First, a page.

Albanian Sworn Virgins: The Women Who Became Men
How far would you go to have the right to drive, smoke or earn money? To wear trousers or own a property, in a society that doesn’t allow you to?
In the fiercely patriarchal Northern Albania, where women had no standing for centuries, some have made an irrevocable vow: to remain chaste for life. By ignoring their female identity the “sworn virgins” have also renounced married life and parenthood. For their sacrifice they get the right to live as men. They’ve changed their names, cut their hair, and they dress and behave like the male population. In return they are granted the same rights, respect, and status in society as men.
For the sworn virgins the decision to lead the life of a man is not a statement of sexuality. It’s the result of the ultraconservative definition of gender roles by a medieval code of law known as “Kanun”.
The Kanun code of conduct has strictly governed social behavior in northern Albania for centuries, providing a moral and legal framework for everyday life. Although it’s not legal today, it is still respected and practiced in the rural parts of northern Albania.
Under the Kanun the role of a woman is severely circumscribed: she can’t choose her own husband and can’t inherit anything from their parents or husband. Her role is to take care of children and maintain the home. A woman’s life is valued as half that of a man.
A virgin’s however is worth the same, and the Kanun allows a woman to become a man if she takes the lifelong oath of virginity.
The tradition of the sworn virgin was initially born of a social necessity. Blood feuds, notorious in Northern Albania, could decimate all the men in a family, leaving the family without a male heir. A sworn virgin would then become the patriarch, taking on all the duties and responsibilities of a man.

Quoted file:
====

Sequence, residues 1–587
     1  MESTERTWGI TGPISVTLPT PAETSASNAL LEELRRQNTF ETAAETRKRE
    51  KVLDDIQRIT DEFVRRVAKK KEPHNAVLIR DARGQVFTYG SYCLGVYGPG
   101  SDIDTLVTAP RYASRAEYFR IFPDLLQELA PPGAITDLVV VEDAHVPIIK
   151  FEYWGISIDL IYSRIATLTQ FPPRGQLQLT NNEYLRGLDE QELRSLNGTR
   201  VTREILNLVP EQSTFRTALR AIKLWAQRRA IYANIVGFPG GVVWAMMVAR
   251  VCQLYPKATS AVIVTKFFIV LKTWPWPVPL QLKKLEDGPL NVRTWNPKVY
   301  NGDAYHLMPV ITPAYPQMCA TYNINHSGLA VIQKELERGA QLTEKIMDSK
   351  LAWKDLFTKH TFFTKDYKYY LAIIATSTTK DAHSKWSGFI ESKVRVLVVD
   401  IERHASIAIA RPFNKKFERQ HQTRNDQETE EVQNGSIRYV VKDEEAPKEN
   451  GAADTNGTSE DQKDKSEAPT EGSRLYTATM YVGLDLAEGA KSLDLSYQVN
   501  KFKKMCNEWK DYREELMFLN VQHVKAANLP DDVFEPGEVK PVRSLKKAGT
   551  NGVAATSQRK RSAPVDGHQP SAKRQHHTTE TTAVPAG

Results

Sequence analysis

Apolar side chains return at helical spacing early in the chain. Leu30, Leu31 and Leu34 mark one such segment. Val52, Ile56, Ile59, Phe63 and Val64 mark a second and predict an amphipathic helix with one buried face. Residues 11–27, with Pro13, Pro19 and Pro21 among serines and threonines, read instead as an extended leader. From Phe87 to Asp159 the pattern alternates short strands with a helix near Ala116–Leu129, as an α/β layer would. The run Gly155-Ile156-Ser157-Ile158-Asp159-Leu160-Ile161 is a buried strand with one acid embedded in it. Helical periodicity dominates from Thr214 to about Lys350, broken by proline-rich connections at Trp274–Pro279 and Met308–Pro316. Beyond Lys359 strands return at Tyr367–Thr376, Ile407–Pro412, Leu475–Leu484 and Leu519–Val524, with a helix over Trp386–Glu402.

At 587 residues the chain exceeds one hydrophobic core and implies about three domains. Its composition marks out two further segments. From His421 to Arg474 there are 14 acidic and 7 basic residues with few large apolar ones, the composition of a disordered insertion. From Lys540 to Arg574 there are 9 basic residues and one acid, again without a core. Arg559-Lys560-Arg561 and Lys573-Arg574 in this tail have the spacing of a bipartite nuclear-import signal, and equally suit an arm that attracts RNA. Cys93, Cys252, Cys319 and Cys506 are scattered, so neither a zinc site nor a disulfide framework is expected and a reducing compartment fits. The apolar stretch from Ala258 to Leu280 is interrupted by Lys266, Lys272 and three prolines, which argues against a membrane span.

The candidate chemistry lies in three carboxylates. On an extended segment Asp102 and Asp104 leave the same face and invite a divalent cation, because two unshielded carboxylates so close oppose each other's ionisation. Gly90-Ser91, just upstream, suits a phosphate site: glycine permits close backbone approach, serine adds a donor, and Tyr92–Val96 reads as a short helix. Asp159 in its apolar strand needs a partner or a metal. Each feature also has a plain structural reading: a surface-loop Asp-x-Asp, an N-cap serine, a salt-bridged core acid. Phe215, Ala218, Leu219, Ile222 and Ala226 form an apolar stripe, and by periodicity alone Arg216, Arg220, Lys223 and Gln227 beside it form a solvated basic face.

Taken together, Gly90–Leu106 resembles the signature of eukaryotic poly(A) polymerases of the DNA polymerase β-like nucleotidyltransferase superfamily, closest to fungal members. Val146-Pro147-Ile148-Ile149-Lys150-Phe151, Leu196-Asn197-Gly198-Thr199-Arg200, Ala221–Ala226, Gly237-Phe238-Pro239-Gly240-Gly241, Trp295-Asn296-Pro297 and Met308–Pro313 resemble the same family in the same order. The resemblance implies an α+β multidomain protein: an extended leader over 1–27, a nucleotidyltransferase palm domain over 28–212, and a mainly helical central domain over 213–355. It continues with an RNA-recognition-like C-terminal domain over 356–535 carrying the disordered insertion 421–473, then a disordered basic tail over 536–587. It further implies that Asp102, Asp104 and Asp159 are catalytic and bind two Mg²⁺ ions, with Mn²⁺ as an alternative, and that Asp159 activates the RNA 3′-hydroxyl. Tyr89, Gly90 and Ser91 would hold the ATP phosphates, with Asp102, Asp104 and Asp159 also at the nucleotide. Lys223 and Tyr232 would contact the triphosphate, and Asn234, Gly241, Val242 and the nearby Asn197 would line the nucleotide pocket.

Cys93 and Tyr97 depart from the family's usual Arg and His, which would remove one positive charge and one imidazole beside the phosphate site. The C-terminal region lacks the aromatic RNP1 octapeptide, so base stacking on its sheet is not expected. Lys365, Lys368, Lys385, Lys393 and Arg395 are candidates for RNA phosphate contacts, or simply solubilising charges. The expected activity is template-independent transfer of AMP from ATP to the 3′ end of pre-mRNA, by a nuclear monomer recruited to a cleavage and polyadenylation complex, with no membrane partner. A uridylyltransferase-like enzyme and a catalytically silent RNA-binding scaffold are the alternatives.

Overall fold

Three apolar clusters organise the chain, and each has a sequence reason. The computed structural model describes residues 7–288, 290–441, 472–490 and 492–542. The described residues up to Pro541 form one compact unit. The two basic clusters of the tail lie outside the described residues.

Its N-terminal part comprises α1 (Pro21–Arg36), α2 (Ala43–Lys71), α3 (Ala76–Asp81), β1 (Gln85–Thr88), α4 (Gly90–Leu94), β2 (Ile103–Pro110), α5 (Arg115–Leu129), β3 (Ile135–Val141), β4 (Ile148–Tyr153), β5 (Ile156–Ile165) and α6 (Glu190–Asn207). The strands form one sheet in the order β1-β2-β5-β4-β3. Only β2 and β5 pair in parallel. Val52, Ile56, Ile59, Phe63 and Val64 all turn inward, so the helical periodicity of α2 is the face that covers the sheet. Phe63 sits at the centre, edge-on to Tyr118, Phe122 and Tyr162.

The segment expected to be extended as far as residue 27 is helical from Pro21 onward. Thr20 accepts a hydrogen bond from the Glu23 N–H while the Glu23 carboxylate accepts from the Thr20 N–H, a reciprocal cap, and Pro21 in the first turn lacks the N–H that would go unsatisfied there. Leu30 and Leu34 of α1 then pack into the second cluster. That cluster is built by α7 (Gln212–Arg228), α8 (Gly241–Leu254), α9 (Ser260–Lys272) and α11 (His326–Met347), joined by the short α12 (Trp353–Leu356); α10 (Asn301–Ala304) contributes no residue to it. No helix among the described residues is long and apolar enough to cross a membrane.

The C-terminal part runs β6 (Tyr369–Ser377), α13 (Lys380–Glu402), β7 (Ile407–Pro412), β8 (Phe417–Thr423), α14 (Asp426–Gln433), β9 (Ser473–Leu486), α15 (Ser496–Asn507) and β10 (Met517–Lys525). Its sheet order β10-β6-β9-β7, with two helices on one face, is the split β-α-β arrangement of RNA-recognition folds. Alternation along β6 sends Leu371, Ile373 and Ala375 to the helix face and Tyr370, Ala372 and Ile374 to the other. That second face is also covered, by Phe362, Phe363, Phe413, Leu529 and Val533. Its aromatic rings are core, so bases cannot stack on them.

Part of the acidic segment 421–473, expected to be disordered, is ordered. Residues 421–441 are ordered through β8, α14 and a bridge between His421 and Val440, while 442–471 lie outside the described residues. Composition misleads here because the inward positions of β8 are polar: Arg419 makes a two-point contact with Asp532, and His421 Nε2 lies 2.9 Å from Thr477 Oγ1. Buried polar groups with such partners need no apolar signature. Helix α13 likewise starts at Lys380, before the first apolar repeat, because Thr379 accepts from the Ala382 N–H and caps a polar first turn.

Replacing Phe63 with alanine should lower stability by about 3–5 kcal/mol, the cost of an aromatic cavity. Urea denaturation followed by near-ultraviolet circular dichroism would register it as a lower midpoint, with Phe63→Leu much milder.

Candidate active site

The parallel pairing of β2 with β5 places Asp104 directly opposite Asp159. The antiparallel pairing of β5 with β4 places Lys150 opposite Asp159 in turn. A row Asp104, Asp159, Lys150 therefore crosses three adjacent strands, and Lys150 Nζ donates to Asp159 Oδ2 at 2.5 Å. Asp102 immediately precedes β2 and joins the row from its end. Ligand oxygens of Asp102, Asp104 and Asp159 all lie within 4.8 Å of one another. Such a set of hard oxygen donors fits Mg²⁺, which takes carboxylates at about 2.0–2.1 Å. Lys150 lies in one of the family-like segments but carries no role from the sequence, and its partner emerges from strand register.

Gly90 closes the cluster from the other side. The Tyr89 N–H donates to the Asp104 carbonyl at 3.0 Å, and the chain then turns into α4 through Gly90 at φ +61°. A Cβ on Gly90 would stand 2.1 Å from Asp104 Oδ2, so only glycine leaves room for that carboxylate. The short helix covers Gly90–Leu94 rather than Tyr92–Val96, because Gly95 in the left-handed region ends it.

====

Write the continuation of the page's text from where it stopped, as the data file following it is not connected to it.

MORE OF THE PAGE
For some women the choice was also a way to escape an arranged marriage or to avoid a life of subservience. In this 2014 short film directed by U.S. photographer Jill Peters, 42-year-old sworn virgin Lume explains she wanted freedom and independence.
Nowadays the Kanun’s influence on gender roles is disappearing, and with it the tradition of the sworn virgin.
Albania has made some progress when it comes to women’s rights: Albania’s new Constitution, which came into effect in 1998, guarantees equality before the law. It states that “all are equal before the law” as well as “No one may be unjustly discriminated against for reasons such as gender, race, religion, ethnicity, language, political, religious or philosophical beliefs, economic condition, education, social status, or ancestry.”
35% of Albanian ministers are women – which is seen as a steppingstone in the country’s efforts to empower women in the political sphere. And the gender gap in the public sector is almost insignificant.
But if it’s no longer considered necessary for women to become a sworn virgin to enjoy freedom, “gender equality” is still a relatively new notion in Albania.
In 2014 men employees have a gross average monthly wage 10% higher than women employees. In 2015, half of all crimes in Albania are due to domestic violence. And in remote areas, villages still haven’t transitioned into modernity.
For the last sworn virgins, however, gender equality or not, it doesn’t change anything. They have no regrets and wouldn’t go back at living like women.
“A woman could become the president of Albania and they would still remain living as men,” Jill Peters said.